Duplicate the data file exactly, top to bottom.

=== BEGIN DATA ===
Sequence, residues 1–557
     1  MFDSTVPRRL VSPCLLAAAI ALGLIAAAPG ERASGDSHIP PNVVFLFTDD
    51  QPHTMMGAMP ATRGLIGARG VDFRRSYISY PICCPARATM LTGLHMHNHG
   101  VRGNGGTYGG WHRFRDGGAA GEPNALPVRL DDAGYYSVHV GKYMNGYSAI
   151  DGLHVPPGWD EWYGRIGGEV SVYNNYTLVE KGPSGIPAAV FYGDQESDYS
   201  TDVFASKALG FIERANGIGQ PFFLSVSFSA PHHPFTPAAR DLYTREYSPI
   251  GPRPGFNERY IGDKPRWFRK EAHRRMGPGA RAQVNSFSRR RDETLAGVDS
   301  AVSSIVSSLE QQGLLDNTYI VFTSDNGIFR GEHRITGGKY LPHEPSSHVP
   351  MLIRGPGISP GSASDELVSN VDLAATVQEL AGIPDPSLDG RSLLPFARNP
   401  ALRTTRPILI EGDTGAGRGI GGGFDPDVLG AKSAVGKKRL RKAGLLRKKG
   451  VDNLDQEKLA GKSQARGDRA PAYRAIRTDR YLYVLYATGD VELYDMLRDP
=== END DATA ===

Sequence, residues 1–557
     1  MFDSTVPRRL VSPCLLAAAI ALGLIAAAPG ERASGDSHIP PNVVFLFTDD
    51  QPHTMMGAMP ATRGLIGARG VDFRRSYISY PICCPARATM LTGLHMHNHG
   101  VRGNGGTYGG WHRFRDGGAA GEPNALPVRL DDAGYYSVHV GKYMNGYSAI
   151  DGLHVPPGWD EWYGRIGGEV SVYNNYTLVE KGPSGIPAAV FYGDQESDYS
   201  TDVFASKALG FIERANGIGQ PFFLSVSFSA PHHPFTPAAR DLYTREYSPI
   251  GPRPGFNERY IGDKPRWFRK EAHRRMGPGA RAQVNSFSRR RDETLAGVDS
   301  AVSSIVSSLE QQGLLDNTYI VFTSDNGIFR GEHRITGGKY LPHEPSSHVP
   351  MLIRGPGISP GSASDELVSN VDLAATVQEL AGIPDPSLDG RSLLPFARNP
   401  ALRTTRPILI EGDTGAGRGI GGGFDPDVLG AKSAVGKKRL RKAGLLRKKG
   451  VDNLDQEKLA GKSQARGDRA PAYRAIRTDR YLYVLYATGD VELYDMLRDP